You wondered, "Why did you not include any mataerial from Campbell’s son-in-law Richardson, Memoirs of Alexander Campbell?"  The answer is that I have not read that work nor do I have it in my library.  Besides, my study began with Thomas Campbell’s change, although it necessarily led to Alexander’s as well.

     Finally, you ask, "If you place such high regard on the writings of the Alexander and Thomas Campbell can you really not be said to be ‘Campbellites’?"  The truth of the matter is I place very little regard on the writings of the Campbells.  Where they have expressed truth, I accept it as I would accept truth proclaimed by any other.  But there are areas in which I would strongly disagree with both Alexander and Thomas.  I do find it interesting from a historical standpoint to see how they turned away from the creeds of denominational churches for the ancient apostolic pattern.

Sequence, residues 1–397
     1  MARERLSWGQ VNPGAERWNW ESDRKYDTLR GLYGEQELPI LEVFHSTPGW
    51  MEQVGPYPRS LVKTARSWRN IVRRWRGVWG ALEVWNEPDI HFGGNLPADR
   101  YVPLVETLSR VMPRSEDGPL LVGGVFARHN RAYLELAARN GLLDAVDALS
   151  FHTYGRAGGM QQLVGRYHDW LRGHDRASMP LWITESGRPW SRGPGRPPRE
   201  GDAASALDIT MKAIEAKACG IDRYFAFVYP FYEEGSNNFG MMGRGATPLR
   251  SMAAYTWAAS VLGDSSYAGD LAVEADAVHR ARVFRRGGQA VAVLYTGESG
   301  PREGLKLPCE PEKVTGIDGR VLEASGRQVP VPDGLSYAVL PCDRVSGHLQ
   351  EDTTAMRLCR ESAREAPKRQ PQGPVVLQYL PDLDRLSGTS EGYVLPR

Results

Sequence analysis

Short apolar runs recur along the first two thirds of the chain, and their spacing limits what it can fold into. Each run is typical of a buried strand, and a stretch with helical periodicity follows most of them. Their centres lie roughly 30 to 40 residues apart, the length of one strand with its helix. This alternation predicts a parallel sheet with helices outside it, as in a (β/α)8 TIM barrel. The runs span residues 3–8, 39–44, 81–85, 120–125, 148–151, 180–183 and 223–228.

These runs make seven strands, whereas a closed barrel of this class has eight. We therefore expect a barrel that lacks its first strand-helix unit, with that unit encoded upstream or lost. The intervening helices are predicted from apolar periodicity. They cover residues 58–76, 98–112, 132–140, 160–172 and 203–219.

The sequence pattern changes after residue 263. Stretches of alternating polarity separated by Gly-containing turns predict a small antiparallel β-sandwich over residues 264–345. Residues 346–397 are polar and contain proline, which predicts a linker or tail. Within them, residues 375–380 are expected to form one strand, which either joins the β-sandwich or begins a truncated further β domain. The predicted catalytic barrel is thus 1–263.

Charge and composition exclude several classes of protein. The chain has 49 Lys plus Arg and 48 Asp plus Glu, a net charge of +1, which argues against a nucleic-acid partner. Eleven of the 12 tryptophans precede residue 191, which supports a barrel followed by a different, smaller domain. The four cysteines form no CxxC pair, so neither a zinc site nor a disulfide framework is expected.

Nothing I believe, teach, or practice originated with the Campbells.  I greatly respect their search for truth, but after all, they were just fallible human beings.  The congregation I am associated with is not based on their teachings.  It is simply a group of non-denominational, New Testament Christians who assemble together to worship God in spirit and truth, and who work together to accomplish His will in our community.  I have generally found that this is a hard concept for those who have a denominational view of "the church" to comprehend.  We are not tied to any movement, college, paper, or man.